Despite the court rejection of charges against the Baltimore Police Department in the Freddie Gray case, Loretta Lynch’s Justice Department is issuing a report today which accuses the police in Charm City of systemic bias and excessive force. The accusations also come with not very thinly veiled threats of retaliatory action from Washington if they don’t toe the line in the future. (AT&T News)
Baltimore police officers routinely discriminate against blacks, repeatedly use excessive force and are not adequately held accountable for misconduct, according to a harshly critical Justice Department report being presented Wednesday.
The report, the culmination of a yearlong investigation into one of the country’s largest police forces, also found that officers make large numbers of stops — mostly in poor, black neighborhoods — with dubious justification and unlawfully arrest citizens for speech deemed disrespectful. Physical force is used unnecessarily, including against the mentally disabled, and black pedestrians and drivers are disproportionately searched during stops, the report says.
In perhaps the most chilling section of the account, the Attorney General is said to be seeking a court-enforceable consent decree to force the police agency to commit to improving its procedures in order to avoid a lawsuit. It remains unclear precisely what that even means, but the general message is clear. Local policing, traditionally under the control of the state or municipal government, will be met with lawsuits brought against these same local entities if Washington doesn’t approve of their performance. What could possibly go wrong?
There are some troubling incidents brought up in the report which certainly merit investigation by the city. One example is a record of public strip searches performed on people who were not arrested or charged with anything. There’s clearly room for improvement in any department and such incidents should be examined by the city. But for the most part this is yet another report which relies on pigeonhole demographic metrics to find fault with standard police policy. They cite the number of stops and arrests “in poor, black neighborhoods” without noting the reality of police work in every part of the country. The fact is that there are some sections of each population center – particularly in the larger cities – which have higher incidents of crime. These tend to be the most economically disadvantaged neighborhoods with fewer jobs and high population density. Unfortunately, these same areas tend to be heavier in minority populations, but that’s not because the residents are black or Hispanic. It’s a result of the stagnant localized depression along with the accompanying higher rates of drug and alcohol abuse and associated crimes which come hand in hand with these dismal conditions. Why do the police do so many stops in such areas? Because that’s where the crime is.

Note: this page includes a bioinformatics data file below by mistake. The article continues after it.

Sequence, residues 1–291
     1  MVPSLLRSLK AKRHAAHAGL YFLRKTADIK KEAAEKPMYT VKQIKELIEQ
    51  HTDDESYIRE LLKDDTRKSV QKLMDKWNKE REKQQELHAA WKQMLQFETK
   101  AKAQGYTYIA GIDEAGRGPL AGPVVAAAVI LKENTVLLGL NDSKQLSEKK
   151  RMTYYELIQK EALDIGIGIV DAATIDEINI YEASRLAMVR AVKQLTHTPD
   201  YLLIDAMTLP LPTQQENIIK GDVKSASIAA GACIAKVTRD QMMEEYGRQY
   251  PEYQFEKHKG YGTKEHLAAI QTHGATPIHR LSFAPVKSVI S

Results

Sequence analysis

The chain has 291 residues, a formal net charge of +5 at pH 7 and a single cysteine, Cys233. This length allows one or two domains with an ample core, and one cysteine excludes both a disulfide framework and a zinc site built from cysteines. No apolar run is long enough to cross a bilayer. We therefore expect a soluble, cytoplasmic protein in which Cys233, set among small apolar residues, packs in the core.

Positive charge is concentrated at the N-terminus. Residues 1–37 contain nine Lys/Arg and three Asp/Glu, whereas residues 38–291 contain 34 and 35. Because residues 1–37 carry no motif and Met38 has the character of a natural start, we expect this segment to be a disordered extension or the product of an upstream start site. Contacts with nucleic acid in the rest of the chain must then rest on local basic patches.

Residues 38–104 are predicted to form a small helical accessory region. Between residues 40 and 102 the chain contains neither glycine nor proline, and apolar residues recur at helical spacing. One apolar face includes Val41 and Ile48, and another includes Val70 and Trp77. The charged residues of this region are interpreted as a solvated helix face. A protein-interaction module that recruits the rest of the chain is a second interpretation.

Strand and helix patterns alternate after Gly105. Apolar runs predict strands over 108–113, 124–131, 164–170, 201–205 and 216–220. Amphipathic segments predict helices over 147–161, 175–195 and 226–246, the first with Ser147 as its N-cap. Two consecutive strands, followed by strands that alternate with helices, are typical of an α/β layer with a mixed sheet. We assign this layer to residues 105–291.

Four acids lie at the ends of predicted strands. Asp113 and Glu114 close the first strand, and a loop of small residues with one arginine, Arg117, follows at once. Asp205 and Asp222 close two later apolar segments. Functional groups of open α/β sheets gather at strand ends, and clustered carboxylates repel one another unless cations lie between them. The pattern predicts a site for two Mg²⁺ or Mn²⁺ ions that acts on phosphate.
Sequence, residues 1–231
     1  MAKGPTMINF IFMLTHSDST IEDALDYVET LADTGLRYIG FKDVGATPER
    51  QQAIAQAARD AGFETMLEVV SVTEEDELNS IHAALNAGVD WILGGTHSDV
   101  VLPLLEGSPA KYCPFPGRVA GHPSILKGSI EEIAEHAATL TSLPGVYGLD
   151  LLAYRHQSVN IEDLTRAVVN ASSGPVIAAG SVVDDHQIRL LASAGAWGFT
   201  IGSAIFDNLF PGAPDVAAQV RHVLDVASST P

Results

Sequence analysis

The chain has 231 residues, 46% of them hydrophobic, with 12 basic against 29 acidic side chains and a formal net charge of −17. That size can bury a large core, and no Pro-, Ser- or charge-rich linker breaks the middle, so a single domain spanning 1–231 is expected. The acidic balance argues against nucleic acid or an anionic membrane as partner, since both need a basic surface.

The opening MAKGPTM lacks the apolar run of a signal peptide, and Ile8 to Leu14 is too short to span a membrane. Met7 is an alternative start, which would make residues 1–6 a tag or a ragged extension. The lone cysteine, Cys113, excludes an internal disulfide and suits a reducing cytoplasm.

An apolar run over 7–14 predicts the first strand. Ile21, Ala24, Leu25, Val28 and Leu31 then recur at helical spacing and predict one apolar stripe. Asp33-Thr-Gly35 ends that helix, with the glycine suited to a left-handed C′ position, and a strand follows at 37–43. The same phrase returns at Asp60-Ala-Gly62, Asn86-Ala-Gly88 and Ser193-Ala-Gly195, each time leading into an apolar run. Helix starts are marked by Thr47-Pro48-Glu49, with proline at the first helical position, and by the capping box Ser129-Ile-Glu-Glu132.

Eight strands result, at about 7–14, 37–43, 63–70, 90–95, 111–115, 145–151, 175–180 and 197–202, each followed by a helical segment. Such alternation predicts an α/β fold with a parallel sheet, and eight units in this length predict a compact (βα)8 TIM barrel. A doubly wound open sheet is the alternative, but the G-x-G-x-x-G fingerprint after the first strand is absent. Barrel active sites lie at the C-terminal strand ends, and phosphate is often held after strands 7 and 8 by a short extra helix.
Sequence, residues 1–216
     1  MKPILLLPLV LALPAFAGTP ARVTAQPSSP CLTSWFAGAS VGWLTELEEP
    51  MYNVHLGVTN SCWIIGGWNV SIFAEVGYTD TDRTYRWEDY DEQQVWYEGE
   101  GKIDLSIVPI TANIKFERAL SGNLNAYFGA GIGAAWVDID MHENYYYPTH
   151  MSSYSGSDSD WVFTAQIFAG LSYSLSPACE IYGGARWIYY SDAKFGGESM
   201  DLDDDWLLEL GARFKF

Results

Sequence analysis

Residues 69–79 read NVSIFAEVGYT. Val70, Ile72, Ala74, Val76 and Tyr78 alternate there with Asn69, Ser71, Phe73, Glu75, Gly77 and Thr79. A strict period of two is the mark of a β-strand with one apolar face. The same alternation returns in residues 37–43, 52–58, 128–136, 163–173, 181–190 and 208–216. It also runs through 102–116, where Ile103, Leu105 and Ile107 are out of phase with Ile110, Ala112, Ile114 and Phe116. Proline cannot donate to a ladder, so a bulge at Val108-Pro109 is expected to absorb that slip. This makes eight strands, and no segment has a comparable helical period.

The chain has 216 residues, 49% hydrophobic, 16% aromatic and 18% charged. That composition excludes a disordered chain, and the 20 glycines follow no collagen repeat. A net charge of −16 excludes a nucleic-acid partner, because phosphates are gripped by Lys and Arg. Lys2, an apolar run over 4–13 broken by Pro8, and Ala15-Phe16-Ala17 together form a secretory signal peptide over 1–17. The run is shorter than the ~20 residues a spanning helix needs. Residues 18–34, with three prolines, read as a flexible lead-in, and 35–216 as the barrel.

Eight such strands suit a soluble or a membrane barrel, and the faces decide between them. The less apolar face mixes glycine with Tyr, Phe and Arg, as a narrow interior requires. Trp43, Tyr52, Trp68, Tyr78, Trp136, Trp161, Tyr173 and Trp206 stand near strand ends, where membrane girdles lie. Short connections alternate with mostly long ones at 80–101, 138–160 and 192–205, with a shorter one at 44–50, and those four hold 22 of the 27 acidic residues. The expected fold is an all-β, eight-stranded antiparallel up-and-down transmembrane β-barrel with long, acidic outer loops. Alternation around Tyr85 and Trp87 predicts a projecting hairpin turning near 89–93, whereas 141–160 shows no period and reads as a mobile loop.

What’s left unasked and unanswered in all of these reports is the question of responsibility. Baltimore isn’t the first city to receive such scrutiny from the Justice Department. Similar investigations have been conducted in Chicago, Cleveland, Albuquerque and Ferguson, Missouri. What do all of these cities have in common? With the rare exception of Albuquerque, these are all liberal strongholds with Democratic mayors and majority control of their city councils. And this isn’t a recent phenomenon. These cities have largely been under liberal control for generations. Liberals control the leadership of the police departments and are responsible for their supervision and operation. How do such “bad policies” wind up being put in place if the “law and order party” (i.e. the Republicans) is always being blamed for such non-progressive ideology and practices? If conditions with the police in Baltimore specifically are so bad, perhaps the Attorney General should be talking to Mayor Stephanie Rawlings-Blake about fixing her own problems rather than spending all of her time on CNN in her role as a spokesperson for the DNC.
Either way, this is a dangerous overreach by the Justice Department. Policing is a state and local matter. If the White House wants improvements in policing they should be talking to the governors of the states who, in turn, could consult with the mayors of these cities. In the meantime, though, we’ll no doubt continue to see Washington using their control of state and municipal funding as well as the threat of crippling, expensive lawsuits as a stick to wave at the rest of the nation.